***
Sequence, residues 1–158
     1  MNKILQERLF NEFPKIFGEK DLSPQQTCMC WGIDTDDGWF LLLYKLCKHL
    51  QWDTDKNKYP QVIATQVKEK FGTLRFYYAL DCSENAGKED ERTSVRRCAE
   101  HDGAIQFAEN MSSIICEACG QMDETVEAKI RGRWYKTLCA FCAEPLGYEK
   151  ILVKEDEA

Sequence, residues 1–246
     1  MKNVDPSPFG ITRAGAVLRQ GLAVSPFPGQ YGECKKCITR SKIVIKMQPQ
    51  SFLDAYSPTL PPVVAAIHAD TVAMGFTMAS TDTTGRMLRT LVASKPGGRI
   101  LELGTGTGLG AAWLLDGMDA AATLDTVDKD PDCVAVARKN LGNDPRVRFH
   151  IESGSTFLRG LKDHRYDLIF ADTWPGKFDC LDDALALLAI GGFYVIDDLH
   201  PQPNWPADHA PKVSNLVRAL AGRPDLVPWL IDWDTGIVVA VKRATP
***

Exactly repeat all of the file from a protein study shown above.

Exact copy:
Sequence, residues 1–158
     1  MNKILQERLF NEFPKIFGEK DLSPQQTCMC WGIDTDDGWF LLLYKLCKHL
    51  QWDTDKNKYP QVIATQVKEK FGTLRFYYAL DCSENAGKED ERTSVRRCAE
   101  HDGAIQFAEN MSSIICEACG QMDETVEAKI RGRWYKTLCA FCAEPLGYEK
   151  ILVKEDEA

Sequence, residues 1–246
     1  MKNVDPSPFG ITRAGAVLRQ GLAVSPFPGQ YGECKKCITR SKIVIKMQPQ
    51  SFLDAYSPTL PPVVAAIHAD TVAMGFTMAS TDTTGRMLRT LVASKPGGRI
   101  LELGTGTGLG AAWLLDGMDA AATLDTVDKD PDCVAVARKN LGNDPRVRFH
   151  IESGSTFLRG LKDHRYDLIF ADTWPGKFDC LDDALALLAI GGFYVIDDLH
   201  PQPNWPADHA PKVSNLVRAL AGRPDLVPWL IDWDTGIVVA VKRATP